By Arash Karami, for Al-Monitor. Any opinions expressed are those of the author, and do not necessarily reflect the views of Iran Business News.
When Indian Prime Minister Narendra Modi arrived in Tehran on May 22, he tweeted in Persian to his 20 million plus followers, “I have entered Iran, a country with which we have civilizational bonds. I am hopeful that we can strengthen the economic cooperation between our two countries.”
During his Iran trip, Modi, Iranian President Hassan Rouhani and Afghan President Mohammad Ashraf Ghani signed agreements that not only would strengthen economic ties but also could reshape the economies of the region.
The most important agreement signed between the countries pertains to developing Iran’s Chabahar port in southeast Iran on the Gulf of Oman. While the idea of developing Chabahar into a regional trading hub began in the 1970s, the 1979 Islamic Revolution in Iran, the Iran-Iraq War and later international sanctions against Iran’s nuclear program stalled the program.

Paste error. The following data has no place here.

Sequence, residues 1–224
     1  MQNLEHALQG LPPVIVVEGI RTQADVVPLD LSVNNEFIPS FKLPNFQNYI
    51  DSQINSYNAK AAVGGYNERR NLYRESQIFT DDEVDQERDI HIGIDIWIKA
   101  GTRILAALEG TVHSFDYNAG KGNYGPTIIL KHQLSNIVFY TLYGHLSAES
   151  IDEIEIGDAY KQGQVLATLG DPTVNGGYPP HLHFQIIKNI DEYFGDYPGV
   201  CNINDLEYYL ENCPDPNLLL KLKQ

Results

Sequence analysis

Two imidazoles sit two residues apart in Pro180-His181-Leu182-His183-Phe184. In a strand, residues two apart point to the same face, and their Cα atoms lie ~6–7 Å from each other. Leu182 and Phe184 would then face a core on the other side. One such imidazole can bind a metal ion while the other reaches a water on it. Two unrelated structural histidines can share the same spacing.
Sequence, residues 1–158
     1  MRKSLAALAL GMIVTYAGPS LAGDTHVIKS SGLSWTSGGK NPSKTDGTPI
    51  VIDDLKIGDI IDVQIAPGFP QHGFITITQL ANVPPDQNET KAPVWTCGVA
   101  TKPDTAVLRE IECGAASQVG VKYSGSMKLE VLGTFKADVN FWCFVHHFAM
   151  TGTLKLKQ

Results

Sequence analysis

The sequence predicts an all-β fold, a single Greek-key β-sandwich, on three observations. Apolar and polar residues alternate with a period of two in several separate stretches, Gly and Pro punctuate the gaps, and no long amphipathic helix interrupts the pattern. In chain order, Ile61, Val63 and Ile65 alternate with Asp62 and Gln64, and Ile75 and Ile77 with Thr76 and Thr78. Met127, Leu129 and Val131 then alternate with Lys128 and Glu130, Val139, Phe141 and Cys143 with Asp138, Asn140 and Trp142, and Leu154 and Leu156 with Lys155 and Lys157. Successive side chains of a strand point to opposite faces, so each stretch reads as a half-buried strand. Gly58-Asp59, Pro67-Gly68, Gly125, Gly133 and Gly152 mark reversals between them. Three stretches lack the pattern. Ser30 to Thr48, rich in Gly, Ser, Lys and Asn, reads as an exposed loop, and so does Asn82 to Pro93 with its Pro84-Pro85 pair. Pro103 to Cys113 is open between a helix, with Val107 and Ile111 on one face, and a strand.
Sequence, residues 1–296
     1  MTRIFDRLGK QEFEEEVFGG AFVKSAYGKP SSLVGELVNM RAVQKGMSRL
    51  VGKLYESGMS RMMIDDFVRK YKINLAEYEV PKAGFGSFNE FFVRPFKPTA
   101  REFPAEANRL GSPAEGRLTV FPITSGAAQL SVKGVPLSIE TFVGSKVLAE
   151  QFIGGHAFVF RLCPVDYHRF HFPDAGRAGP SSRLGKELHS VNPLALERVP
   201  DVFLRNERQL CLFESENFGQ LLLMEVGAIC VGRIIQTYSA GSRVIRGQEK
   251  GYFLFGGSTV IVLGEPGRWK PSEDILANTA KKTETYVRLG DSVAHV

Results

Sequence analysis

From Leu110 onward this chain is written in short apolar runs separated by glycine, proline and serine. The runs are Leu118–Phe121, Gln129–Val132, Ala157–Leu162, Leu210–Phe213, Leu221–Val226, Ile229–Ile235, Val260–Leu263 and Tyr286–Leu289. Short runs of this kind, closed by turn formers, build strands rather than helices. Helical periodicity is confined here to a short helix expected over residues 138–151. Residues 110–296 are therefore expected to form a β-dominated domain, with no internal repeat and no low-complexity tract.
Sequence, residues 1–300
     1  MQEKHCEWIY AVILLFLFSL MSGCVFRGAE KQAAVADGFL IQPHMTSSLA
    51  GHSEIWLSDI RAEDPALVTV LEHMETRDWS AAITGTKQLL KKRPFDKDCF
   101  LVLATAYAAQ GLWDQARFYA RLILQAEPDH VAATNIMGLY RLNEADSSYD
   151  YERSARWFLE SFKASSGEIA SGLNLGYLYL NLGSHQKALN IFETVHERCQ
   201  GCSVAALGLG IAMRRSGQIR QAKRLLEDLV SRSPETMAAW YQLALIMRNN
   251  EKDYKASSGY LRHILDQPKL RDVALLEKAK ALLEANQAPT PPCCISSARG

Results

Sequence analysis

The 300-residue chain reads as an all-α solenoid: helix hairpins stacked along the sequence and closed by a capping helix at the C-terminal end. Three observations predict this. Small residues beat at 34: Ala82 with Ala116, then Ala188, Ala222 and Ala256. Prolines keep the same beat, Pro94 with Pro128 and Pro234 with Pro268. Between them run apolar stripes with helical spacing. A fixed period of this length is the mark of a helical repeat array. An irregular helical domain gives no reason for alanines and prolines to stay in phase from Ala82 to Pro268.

The development of the port paves the way for another important agreement: the trilateral transit agreement between Iran, Afghanistan and India. The transit agreement will open a route to the landlocked cities of Herat, Kandahar, Kabul and Mazar-e Sharif in Afghanistan, allowing India to bypass its rival, Pakistan. Rouhani said that the transit agreement could one day turn Chabahar into the “connection point of various countries, including India, Afghanistan, and countries in Central Asia, the Caucuses and Eastern Europe.”